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Walmart Offers Next-Day Delivery to Compete with Amazon

This week, Walmart announced that it will start offering free, next-day delivery on select online orders over $35 without any added membership fee. This announcement comes after a similar one from rival retailer Amazon just last month. Amazon, the lucrative e-commerce giant, announced that it is investing $800 million in its warehouses and delivery infrastructure with the goal of cutting the speed of its Prime deliveries from two days to just one. For now, Walmart’s quicker deliveries will only be available in select markets.

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U.S. Blocks Chinese Telecom Bid for International Services

Citing law enforcement and national security risks, the Federal Communications Commissions unanimously denied an application by China Mobile USA (the U.S. arm of Chinese telecom giant, China Mobile Ltd.), which aimed to provide international calls and other services via American networks. This could be another in a series of signs of escalating tensions between China and the U.S. The crux of the FCC’s concern is that the company is owned by the Chinese government and would be therefore vulnerable to that influence.

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Google Announces Plans to Bring Electronic IDs to Android

On the final day of its annual I/O developer conference in Mountain View last week, Google announced plans to bring Electronic IDs like driver’s licenses and club memberships to Android, and that all new Android Q devices would be required to encrypt user data. These developments could move users one step closer to using digital wallets as valid identification for in-person transactions. As part of the announcement, Google indicated that it’s looking into adding Electronic ID support so developers can build mobile apps for secure ID use.

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Growing Number of U.S. Adults Now Playing Video Games

According to “2019 Essential Facts About the Computer and Video Game Industry,” a new annual report from gaming industry trade group Entertainment Software Association, about 65 percent of adults now play video games in the United States. That adds up to more than 164 million people, and each year, the total grows. The report also indicates that three-fourths of U.S. adults have at least one gaming player at home, while 93 percent of those households own a smartphone on which half of them play video games.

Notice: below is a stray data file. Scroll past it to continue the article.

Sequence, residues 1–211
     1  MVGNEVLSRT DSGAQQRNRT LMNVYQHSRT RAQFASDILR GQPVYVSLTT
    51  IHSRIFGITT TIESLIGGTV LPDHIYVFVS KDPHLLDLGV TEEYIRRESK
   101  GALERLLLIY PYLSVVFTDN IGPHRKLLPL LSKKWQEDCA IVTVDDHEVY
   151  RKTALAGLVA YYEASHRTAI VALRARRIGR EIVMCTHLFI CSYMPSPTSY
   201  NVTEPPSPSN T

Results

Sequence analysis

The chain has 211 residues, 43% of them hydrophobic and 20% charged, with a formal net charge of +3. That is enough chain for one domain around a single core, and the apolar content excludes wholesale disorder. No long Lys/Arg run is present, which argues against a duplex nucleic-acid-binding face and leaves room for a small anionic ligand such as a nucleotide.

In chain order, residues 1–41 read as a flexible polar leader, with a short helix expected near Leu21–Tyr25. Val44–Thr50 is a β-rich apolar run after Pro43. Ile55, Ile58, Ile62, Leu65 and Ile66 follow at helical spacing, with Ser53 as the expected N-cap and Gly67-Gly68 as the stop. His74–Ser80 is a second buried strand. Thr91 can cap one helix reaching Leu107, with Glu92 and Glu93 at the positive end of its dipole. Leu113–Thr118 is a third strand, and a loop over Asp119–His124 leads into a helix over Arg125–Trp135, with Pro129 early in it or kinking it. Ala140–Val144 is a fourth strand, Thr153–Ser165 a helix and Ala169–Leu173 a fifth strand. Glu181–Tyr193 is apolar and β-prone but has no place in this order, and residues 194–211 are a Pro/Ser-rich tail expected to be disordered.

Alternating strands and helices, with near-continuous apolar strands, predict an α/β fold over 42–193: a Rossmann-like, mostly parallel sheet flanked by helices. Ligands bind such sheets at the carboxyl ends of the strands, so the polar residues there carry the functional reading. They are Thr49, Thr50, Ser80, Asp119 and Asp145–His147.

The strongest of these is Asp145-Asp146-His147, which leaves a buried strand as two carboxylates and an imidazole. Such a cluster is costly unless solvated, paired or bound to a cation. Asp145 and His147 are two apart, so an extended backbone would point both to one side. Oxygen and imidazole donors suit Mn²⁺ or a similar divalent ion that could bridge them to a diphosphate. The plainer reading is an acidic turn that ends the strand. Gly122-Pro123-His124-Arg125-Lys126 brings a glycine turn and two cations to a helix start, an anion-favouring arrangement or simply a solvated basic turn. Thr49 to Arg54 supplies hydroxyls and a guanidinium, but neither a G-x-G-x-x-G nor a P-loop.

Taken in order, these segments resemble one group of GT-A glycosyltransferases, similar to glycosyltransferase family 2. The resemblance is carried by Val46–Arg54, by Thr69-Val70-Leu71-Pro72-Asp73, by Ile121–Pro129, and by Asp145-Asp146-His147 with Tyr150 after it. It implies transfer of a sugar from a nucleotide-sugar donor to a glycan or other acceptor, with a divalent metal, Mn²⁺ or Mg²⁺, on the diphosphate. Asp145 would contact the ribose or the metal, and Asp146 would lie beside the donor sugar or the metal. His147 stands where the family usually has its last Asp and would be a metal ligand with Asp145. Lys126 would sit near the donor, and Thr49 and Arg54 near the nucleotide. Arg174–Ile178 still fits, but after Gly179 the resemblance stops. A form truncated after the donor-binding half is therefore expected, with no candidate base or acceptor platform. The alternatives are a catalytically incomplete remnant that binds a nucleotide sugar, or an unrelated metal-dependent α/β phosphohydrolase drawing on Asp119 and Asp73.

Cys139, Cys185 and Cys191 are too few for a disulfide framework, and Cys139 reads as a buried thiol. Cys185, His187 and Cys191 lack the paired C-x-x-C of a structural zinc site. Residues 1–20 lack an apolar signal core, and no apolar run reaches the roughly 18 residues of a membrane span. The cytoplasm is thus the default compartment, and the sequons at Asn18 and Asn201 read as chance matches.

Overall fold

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Microsoft Shares Vision For Present and Future Productivity

Microsoft recently invited journalists into its Envisioning Center for a peek into its vision of the future — in particular, its vision of the future of productivity. Inside the center, Microsoft houses some of its prototype work. Journalists witnessed teams working together on giant collaborative screens, meeting in rooms equipped with devices to automatically recognize participants, and doing work at touch-powered desks. The bulk of all provided demonstrations revolved around the use of touch, voice, and augmented reality. This marks a new way forward for Microsoft.

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Facebook’s Instagram Working on Effort to Step Up Security

Since 2016, Facebook has referred questionable posts to fact-checking teams at news organizations to determine if they contain misinformation. Now, Instagram (owned by Facebook), has started a similar policy, using image recognition to identify posts with possible misinformation. Those posts are then sent to Facebook’s fact-checkers for review and if determined problematic, they’re no longer recommended on the Explore tab or hashtag pages. While the posts are not removed and remain in users’ main feeds or Stories carousels, Instagram is introducing a new policy to remove accounts after repeated violations.

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Coalition Alleges Amazon Illegally Collects Children’s Data

A coalition of 19 consumer and privacy groups plans to file a complaint against Amazon alleging that the e-commerce company’s Echo Dot Kids Edition illegally collects voice recordings and other information from users under age 13, which is a violation of the 1998 Children’s Online Privacy Protection Act, known as COPPA. The Echo Dot Kids Edition is much like the Echo Dot smart speaker device, but targeted to kids using a design featuring bright colors. Via the device, kids can ask questions, play music, and more using voice commands.